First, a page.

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Hi Moses, thanks for responding. I did a basic compression test and found all 4 cylinders to be right around 120 psi. One thing I noticed is that when I first start the jeep up with a cold motor, I can give it plenty of throttle and it won't start backfiring for approximately 45-60 seconds. After that, it starts to pop under throttle and gets progressively worse as it warms. There is also no lifter noise when first starting it up,  but after a couple of minutes when given throttle there is definitely some kind of rattle. I can manually compress the EGR valve while its running and the idle drops, that tells me the valve is functioning properly. The exhaust is very black and sooty, with strong fuel odor. I wish I had pulled the camshaft while I had the timing set off! If I remove the valve cover and measure the upward travel of the valves What type of # should I be looking for?

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jay_powers...Valve lift is not provided for stock camshafts; however, mild aftermarket RV camshafts are close to stock spec, usually with slightly more lift than stock for better low end torque.  You might compare your findings to a very mild RV camshaft.  Take into account the rocker ratio if measuring lift at the valve stem dip or measure lobe lift on the lifter side of the rocker arms. 

For a quick check, simply do a comparison of valve lift.  The four intakes should have uniform lift.  The four exhaust valves should have uniform lift.  Seldom does a camshaft lose all of its lobes at the same time.  At least some of the lobes should be on spec, and these would obviously be the ones with the most lift.  Use this as a baseline.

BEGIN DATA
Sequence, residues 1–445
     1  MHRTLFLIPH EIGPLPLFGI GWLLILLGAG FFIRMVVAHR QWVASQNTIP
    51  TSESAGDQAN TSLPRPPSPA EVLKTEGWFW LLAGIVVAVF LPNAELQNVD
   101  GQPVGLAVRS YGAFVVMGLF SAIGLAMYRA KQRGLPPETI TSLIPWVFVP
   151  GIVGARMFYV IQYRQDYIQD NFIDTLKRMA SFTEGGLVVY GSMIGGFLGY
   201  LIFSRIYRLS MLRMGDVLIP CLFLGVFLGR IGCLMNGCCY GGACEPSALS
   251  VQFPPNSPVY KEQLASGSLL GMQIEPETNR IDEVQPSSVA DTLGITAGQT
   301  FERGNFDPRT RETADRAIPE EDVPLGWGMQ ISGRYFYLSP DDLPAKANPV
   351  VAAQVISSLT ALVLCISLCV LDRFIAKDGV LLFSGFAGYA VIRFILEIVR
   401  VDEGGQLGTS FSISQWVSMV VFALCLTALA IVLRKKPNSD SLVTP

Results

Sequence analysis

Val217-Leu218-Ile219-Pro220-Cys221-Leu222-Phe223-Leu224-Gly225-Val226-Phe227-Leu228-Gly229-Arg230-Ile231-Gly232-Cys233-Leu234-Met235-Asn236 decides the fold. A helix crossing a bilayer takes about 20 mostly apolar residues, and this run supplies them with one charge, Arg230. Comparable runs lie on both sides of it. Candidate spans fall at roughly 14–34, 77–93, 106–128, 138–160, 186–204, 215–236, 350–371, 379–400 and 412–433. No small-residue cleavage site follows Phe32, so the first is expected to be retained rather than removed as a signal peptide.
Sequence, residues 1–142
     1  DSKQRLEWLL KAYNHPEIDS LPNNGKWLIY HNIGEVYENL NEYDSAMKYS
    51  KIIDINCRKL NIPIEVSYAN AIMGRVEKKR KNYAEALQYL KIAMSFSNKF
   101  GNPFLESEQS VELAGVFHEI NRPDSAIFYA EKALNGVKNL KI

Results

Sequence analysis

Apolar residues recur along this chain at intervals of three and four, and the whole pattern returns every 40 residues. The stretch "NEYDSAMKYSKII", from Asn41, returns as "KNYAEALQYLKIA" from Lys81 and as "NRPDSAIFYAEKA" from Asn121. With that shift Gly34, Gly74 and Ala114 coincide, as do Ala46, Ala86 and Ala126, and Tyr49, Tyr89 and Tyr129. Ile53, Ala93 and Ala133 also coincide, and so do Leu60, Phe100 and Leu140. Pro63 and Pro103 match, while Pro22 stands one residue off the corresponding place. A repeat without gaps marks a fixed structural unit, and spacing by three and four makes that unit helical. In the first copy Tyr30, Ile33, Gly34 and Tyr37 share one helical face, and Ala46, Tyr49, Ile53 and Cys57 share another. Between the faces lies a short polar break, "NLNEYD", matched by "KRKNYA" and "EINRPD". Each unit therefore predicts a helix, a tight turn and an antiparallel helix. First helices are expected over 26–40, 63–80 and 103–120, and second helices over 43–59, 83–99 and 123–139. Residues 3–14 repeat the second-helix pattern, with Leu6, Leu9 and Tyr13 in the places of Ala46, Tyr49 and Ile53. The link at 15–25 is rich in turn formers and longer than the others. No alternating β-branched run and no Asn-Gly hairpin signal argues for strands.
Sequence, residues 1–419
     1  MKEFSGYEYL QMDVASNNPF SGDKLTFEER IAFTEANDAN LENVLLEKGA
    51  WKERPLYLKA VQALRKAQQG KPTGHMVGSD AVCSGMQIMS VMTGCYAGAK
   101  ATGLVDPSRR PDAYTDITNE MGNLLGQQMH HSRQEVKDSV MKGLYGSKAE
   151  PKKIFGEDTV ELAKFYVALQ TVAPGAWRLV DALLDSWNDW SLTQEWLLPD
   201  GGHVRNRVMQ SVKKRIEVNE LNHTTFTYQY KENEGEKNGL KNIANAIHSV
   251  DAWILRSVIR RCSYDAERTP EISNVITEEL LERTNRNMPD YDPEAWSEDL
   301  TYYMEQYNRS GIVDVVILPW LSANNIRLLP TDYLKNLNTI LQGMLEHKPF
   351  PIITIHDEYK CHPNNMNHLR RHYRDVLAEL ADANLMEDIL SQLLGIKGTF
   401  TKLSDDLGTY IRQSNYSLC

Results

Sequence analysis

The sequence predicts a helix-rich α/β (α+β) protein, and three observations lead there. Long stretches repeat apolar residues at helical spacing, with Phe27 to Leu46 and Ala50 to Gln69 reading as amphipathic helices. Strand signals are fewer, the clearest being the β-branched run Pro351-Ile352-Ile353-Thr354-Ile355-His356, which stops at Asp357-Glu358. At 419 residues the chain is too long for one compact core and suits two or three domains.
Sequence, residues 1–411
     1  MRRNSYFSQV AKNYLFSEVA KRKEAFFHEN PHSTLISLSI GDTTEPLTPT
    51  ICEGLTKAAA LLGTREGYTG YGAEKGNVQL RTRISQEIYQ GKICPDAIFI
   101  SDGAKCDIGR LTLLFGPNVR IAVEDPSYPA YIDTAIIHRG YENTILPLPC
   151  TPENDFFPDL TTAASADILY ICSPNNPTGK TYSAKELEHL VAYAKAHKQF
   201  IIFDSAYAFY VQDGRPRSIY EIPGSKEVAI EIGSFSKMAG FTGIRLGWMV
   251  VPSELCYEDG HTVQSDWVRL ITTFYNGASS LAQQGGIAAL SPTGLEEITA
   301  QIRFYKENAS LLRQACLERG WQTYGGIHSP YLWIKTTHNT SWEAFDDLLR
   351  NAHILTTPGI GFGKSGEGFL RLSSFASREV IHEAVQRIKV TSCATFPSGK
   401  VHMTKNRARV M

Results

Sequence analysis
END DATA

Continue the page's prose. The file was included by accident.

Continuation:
If lifter/valve lift is normal and valve timing correct, your sooty exhaust spells incomplete combustion or over-rich fuel mixture.  These issues could be TBI/pressure regulation, too much fuel pump pressure (wrong pump like an MPI type?), a plugged or restricted fuel return flow to the tank from the TBI, a defective EVAP canister or vacuum routing issues, or ignition, spark timing and distributor malfunctioning.  You share that you've replaced "every sensor".  I'm assuming you mean the O2, CPS, TPS, MAT, MAP and so forth?  Test the ignition coil when hot, a bad coil often functions okay until warm.

Moses

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I hate to say it but think this is a classic lobe has gone flat on the cam symptoms....well in my experience anyway. When they start to pop out of the carb like that its ``Ùgh time to change the cam``

If you fashion a piece cardboard to act as a push-rod oil deflector you can briefly run the engine with without the valve cover and not make too big a mess.

Look for the rocker that's not moving or hardly moving, that's your bad lobe.  Did you notice the problem after going for a long drive, you got home and it wasn't running quite right, an then it got progressively worse?

My guess is its an exhaust lobe, the popping back is non exhausted air blowing back past the intake valve at the start of the valve opening cycle, its worse when you give it throttle as you're feeding it more air to back pump.